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Re: [coldwarcomms] Re: Boeing EC-135 Looking Glass aircraft

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  • John Young
    Steve Bellovin s orginal URL for the PAL crypto study appears dead. Archive.org shows it was last archived in December 2005 (up since 1998):
    Message 1 of 27 , Nov 3, 2006
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      Steve Bellovin's orginal URL for the PAL crypto study appears dead.
      Archive.org shows it was last archived in December 2005 (up since 1998):


      <http://web.archive.org/web/20050213005156/www1.cs.columbia.edu/~smb/nsam-1
      6>http://web.archive.org/web/20050213005156/www1.cs.columbia.edu/~smb/nsam-16
      0/pal.html

      A related study of arming and fuzing nuclear weapons by Chuck Hansen in
      Swords of Armageddon:


      <http://cryptome.org/nukes-fuze.htm>http://cryptome.org/nukes-fuze.htm

      And the US Air Force offers several document nuclear weapons surety that
      describe some of the safety and arming features. One of them:


      <http://cryptome.org/afi91-111.htm>http://cryptome.org/afi91-111.htm

      These are all from the late 1990s.

      These reports that accidental detonation is a continuing investigation and
      development in response to international and public fears -- and human
      frailty of political leaders, military commanders and personnel handling the
      godawful devices.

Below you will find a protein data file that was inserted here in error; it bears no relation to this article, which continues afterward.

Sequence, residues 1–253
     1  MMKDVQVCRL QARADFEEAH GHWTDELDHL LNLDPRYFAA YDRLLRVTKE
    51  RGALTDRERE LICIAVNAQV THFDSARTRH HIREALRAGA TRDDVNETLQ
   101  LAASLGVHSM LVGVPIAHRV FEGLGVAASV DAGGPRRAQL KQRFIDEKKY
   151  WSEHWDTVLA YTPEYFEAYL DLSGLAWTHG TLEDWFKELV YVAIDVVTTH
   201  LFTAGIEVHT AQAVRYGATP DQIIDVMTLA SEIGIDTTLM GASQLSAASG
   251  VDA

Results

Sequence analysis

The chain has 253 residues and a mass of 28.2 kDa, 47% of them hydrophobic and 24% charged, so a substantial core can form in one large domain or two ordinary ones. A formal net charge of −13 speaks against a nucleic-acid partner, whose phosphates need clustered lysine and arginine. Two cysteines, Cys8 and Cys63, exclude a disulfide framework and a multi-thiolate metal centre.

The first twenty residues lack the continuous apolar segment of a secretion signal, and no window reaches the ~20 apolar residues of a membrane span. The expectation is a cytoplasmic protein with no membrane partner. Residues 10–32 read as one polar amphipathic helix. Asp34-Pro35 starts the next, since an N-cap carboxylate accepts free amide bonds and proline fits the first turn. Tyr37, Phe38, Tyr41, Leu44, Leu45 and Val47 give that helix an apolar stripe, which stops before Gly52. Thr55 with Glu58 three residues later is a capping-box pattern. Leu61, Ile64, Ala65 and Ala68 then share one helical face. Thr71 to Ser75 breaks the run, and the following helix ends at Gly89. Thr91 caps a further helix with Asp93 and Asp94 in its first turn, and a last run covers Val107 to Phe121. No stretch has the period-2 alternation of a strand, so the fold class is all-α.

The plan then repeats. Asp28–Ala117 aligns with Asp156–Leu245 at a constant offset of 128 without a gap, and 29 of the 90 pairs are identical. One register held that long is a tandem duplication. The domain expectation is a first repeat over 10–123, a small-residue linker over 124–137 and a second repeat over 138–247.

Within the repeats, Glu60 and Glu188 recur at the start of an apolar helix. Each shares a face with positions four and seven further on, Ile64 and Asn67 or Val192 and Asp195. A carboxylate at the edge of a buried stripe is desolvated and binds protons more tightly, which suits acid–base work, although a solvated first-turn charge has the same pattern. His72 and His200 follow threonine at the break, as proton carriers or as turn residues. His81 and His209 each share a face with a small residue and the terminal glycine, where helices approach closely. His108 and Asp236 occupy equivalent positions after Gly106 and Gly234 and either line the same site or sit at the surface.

Against these fears is the military's demand that safety systems must not
      interfere with rapid response needs. Chuck Hansen's report discusses
      these conflicting requirements and the technical and educational responses
      to them with increasingly sophisticated mechanical and electronic weapons
      arming controls, and, not least, emulating Oppenheimer's and other atomic
      physicists urgings, to persuade those in charge of nuclear weapons that
      wars cannot be won with them.

      Accidental detonation remains the least of the threat compared to the
      continuing terrorism they engender by official policy as from the first
      days of the atomic doomsday era.

      This brings up a candidate for the reading list to complement that
      of chestbeating kind: American Prometheus: The Triumph and Tragedy
      of J. robert Oppenheimer. This recounts the sad consequence of
      paranoid politicians and power-mad militarists manipulation of
      public fears to overbuild nuclear armaments during the Cold War
      and foster a generation of terrified publics around the globe.

      Today's picayune terrorists are small fry by comparison with
      the giants still robbing national treasuries while spreading fear
      as diversion. Perhaps some day fiction wil catch up to this
      banditry, but that will probably not be done by Tom Clancy and
      others making a bundle off perpetuating the need for heroic
      defenses against chimeras of national security threats, in
      secret and camouflaged by lots of smoke.


      At 10:22 AM 11/3/2006 -0500, you wrote:

      >
      > That's Permissive Action Links.
      >
      > Steve Bellovin has studied the history of them:
      >
      >
      > <http://www.google.com/search?hl=en&ie=ISO-8859-1&q=permissive+action+link